Daily Independent (Ashland, KY)

Local News

July 9, 2013

Farmers market discussion continues

ASHLAND — The Boyd County Farmers Market has not found an Ashland home despite ongoing efforts.

Ashland City Commissioners denied a request to locate the market in Central Park late last month based on the Ashland Park Board’s recommendation. To date, no substitute Ashland location has been found for a seasonal, weekly market.

The decision continues to be a discussion item among Ashland residents and Central Park users, many of whom have offered their opinions to The Independent via telephone calls, social media and interviews conducted at the park.

Sean Miller, of Ashland, visits Central Park regularly to relax and hang out. He likes the idea of a weekly farmers market there. “I would probably use it. I don’t think it would hurt the park. I think it would be more of an asset than anything.”

In addition, Miller sees the market as a way to support local farmers and provide the community with healthy foods — a return to the “traditional way of life.”

“I think it is more healthy to have fruits and vegetables grown by regular people than people who raise it in bulk and put a lot of different pesticides and things on (produce) that are harmful to your health. I think it would be better for people’s health,” Miller said.

Miller balked at the argument that private citizens, the farmers, shouldn’t be able to make a profit from a public asset like the park. He thinks the city should support the local farmers instead of large factory farms and corporations.

Felicia Stambaugh, of Ashland, was visiting the park Friday with her infant son Nicholas, and his father Chris Tussey. While Nicholas napped in his stroller, Stambaugh and Tussey were chatting on a bench in the shade.

Stambaugh is not in favor of a farmer’s market, sharing the Park Board’s concern over increased traffic.

“In a way I think it would kind of take away from having the just the ability to relax here, just the traffic coming in and out,” she said. “I always just come here and chill out. When my son gets older, I’ll have him down here playing.”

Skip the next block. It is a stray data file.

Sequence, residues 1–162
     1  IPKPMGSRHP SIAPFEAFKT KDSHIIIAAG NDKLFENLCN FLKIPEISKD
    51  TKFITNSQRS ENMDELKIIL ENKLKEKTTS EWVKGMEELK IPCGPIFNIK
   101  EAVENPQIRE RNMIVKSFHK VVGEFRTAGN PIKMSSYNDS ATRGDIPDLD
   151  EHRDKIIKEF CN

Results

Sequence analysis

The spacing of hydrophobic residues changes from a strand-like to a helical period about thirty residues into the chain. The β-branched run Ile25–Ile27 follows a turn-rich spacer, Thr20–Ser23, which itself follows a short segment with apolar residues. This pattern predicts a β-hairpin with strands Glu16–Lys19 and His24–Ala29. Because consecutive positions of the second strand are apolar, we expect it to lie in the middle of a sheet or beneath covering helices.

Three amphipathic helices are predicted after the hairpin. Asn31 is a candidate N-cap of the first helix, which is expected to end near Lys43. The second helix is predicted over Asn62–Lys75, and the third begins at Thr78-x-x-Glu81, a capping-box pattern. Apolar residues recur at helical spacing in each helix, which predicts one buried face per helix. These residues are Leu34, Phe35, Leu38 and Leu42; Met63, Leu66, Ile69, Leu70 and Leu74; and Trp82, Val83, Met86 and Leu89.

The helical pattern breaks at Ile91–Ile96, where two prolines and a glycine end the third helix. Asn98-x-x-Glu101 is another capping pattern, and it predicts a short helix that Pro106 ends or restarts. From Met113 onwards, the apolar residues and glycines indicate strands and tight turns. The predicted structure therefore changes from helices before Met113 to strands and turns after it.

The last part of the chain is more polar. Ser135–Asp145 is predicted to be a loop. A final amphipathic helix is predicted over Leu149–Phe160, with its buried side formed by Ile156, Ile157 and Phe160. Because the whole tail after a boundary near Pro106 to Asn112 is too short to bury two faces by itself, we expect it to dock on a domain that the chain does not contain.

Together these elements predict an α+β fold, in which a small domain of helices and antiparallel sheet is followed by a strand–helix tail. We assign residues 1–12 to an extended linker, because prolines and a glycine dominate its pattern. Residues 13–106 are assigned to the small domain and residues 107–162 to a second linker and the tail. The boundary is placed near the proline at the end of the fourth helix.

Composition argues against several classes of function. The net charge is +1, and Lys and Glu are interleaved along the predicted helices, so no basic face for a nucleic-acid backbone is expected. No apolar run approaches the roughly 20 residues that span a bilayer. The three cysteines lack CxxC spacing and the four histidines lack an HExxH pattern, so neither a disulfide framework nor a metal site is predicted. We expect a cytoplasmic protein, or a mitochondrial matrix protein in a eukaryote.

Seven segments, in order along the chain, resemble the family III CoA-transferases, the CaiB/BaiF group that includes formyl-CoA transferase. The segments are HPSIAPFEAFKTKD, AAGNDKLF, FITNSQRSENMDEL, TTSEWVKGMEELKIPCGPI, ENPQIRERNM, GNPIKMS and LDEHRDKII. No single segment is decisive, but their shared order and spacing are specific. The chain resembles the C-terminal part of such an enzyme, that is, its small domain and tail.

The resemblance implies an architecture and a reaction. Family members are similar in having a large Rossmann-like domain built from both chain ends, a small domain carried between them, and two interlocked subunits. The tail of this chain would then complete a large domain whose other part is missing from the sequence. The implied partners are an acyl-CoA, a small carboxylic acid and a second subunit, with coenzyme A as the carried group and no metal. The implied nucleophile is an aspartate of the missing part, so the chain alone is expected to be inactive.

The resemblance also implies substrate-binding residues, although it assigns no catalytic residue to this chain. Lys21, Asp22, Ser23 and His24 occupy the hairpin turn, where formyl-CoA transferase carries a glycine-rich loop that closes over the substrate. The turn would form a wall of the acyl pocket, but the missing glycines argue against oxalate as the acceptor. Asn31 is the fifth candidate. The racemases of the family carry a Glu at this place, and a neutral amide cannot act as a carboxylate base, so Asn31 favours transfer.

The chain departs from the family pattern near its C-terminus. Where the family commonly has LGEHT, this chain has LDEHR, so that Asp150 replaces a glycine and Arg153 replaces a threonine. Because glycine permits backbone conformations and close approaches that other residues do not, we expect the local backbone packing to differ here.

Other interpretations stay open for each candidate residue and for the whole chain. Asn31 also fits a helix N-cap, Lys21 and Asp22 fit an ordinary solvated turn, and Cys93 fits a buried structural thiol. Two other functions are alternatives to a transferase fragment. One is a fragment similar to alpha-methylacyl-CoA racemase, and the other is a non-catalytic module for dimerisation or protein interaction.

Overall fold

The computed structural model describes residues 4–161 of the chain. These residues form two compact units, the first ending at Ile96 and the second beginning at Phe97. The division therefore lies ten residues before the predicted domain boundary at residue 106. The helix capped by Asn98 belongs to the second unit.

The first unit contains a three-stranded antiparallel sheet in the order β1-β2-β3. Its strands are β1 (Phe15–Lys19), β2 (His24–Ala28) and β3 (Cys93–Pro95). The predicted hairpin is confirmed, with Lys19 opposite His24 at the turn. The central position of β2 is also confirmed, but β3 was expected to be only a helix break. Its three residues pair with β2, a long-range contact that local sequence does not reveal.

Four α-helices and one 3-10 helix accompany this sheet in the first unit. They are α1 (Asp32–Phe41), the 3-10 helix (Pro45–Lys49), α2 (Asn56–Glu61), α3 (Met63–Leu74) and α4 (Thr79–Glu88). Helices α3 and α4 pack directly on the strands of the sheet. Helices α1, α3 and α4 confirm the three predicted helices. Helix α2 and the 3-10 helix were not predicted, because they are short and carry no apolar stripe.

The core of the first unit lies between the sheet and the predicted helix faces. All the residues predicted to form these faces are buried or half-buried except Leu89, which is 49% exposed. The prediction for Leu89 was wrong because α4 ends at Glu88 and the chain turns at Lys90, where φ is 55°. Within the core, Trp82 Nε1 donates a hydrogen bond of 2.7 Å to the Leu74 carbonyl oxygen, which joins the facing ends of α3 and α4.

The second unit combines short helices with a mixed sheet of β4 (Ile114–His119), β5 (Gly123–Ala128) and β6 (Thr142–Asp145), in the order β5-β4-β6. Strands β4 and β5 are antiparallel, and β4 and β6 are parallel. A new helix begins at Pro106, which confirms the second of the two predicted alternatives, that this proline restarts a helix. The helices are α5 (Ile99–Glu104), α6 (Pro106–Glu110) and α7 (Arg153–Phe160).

Tussey isn’t worried about traffic. “It wouldn’t be that bad,” he said. “One day shouldn’t put that much more traffic coming in and out of here than there normally is. People are always through here anyways,” he said.

Lee Rowe, of Ashland, thinks the commission made the wrong decision denying the farmers market.

“I think it would be awesome,” he said,  “People need that in the community. I think it would help the people, it is in a better location here,” Rowe said, noting the centralized location would be easily accessible on Friday’s via public transportation and close to downtown businesses.

“Most people who use the farmer’s market are older, I don’t see them coming through here a 100 mph,” he said, about the traffic concerns.

Rowe said he brings his grandchildren or other relatives to the park’s playground “two or three times a week” and would “probably” shop at a farmer’s market.

Teresa James, of Ashland, sees the denial of a farmers market as “missed opportunity. I just found it flabbergasting,” she said, of the city’s and park boards decision to deny the request. James had hoped to take her grandchildren there to play, buy produce and meet the farmers who grew it.

A weekly, seasonal farmers market, she said, “could go in so many different directions. This could be the beginning of something that could grow for this community, for the kids and the farmers and the people that live here. It would just be something positive for the park and for healthier eating,” she said.

James said she is so upset by the decision she’s considering starting a petition to show elected officials there is support among the community for the idea.

CARRIE STAMBAUGH can be reached at (606) 326-2653 or by email at cstambaugh@dailyindependent.com

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